Why did Black Male Unemployment Drop so Sharply?
1 year ago
The jobless rate for African-American men saw a steep drop at the beginning of 2012.
Given that America's unemployment rate has been falling steadily since this past summer, no one was surprised to see that most demographic groups saw similar drops in their respective jobless rates. It did come as a surprise, though, to read the Bureau of Labor Statistics' (BLS) data for the fall in the number for black males over the age of 20 -- the figure tallied 12.7% at the end of January, a full three percentage points lower than that of the previous month.
That's a big change. In terms of numbers, 250,000 fewer black men were out of work from month to month (from 1.3 million to 1.05 million), meaning an improvement of nearly 20%. That significantly outpaced the gains made by all other sub-demographics, black and white, and was far ahead of the improvement in overall unemployment during January, which ticked down 0.2 percentage points to total 8.3% of the American working population.
Unfortunately, that's as deep as the data gets. So it's hard to pin down why exactly the fall was so disproportionate. Dr. Walter E. Williams, a professor of economics at George Mason University, suggests that discouragement in job hunting might be the underlying reason.
"The Labor Department defines as unemployment persons able, willing and seeking work but can't find work," Dr. Williams wrote in an email. "Imag[in]e the total black labor force is 100 and 90 are employed. That means the unemployment rate is 10%. Suppose 5 people who've been looking for work but can't find it stop looking (what's called discouraged worker), that means the labor force consists of 95 people and the unemployment rate drops to 5 percent."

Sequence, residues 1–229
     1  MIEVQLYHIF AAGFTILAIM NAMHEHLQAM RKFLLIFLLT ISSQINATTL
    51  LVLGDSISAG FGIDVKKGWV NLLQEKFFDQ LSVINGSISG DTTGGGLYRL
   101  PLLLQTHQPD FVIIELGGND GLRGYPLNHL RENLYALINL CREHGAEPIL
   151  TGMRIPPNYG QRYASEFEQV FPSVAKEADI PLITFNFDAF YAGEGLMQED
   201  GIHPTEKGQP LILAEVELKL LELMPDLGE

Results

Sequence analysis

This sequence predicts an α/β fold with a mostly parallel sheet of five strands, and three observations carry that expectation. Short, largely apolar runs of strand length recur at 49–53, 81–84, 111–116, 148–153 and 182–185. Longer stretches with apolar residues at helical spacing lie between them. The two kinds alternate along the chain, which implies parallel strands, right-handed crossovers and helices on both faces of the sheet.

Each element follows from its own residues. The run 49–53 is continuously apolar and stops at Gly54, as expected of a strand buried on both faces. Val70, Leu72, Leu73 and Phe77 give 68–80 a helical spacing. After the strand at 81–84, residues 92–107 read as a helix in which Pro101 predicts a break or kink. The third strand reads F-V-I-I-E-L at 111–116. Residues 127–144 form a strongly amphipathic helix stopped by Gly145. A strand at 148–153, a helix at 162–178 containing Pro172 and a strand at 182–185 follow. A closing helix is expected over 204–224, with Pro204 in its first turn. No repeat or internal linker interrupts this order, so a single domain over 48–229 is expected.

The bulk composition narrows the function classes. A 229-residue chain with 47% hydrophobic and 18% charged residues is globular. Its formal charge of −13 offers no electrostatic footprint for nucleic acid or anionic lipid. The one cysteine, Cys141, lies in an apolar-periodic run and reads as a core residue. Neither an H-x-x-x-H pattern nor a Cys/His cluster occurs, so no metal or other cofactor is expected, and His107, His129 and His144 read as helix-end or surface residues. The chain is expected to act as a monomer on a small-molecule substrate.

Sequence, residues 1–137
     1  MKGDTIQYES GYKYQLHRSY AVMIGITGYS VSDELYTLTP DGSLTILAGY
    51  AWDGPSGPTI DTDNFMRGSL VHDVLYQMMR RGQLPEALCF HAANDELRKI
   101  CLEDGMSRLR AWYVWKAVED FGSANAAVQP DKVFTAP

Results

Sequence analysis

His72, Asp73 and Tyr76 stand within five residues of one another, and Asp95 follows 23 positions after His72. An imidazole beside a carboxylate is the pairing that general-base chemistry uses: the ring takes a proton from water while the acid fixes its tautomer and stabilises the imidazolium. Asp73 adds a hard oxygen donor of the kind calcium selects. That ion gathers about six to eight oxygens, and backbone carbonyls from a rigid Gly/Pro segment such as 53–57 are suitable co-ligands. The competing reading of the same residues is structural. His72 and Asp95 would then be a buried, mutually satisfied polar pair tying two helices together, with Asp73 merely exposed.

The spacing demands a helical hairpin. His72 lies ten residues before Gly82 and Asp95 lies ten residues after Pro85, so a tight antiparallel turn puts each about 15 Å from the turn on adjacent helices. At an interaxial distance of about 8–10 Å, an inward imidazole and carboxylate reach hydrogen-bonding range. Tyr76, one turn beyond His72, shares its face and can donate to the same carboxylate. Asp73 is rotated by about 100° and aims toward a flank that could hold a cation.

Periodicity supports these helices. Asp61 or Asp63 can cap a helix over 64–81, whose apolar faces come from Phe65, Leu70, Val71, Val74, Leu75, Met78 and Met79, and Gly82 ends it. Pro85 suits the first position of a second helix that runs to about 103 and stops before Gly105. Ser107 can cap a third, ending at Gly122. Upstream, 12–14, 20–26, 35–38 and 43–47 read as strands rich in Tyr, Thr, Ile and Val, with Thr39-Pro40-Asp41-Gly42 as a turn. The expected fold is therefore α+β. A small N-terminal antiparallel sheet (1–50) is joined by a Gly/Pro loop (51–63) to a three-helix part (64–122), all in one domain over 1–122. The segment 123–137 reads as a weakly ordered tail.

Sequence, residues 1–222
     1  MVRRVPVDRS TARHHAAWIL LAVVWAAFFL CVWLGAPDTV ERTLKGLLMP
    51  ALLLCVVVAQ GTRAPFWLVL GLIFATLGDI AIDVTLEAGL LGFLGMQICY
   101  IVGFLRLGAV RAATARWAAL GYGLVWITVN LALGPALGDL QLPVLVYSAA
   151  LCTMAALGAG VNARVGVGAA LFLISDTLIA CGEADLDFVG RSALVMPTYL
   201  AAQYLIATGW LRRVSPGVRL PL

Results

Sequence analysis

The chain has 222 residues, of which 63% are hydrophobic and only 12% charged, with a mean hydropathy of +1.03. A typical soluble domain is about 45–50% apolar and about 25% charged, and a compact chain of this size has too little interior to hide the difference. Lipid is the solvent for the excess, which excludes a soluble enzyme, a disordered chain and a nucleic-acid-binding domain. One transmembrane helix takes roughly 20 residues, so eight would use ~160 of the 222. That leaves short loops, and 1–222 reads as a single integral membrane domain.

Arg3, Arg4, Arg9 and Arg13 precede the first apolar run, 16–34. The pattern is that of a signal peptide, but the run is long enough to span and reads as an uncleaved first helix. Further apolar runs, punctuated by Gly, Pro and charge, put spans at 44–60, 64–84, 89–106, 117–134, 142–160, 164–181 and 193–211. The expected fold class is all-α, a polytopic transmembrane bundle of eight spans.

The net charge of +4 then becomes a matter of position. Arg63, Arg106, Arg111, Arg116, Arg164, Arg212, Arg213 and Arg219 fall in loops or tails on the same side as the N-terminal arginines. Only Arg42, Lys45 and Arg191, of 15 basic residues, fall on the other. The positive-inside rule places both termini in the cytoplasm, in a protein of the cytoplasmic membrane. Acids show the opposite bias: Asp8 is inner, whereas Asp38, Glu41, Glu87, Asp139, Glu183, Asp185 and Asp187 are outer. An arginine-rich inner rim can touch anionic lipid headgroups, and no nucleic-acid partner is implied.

This is a good possible reason for the decline. Even after the drop, black male unemployment remains stubbornly high: that January rate of 12.7 for the demographic is still over 70% higher than the rate for whites overall, and almost 85% more than that for white men specifically. It's entirely realistic to think that thousands of black men who've gone without work for some time have given up.
But the numbers don't support this theory. There was no dramatic change in the labor participation figure for black men. It declined, but not by much - to 68.4% of the demographic at the end of January, from December's rate of 69.0%.
So the mystery remains. Why the deep cut in unemployment for African-American men in the first month of this year?
So far, it's too early to tell if it's just an anomaly or the beginning of a very positive longer-term trend. We should all keep an eye on the rate going forward... and keep our fingers crossed that it will continue to tumble.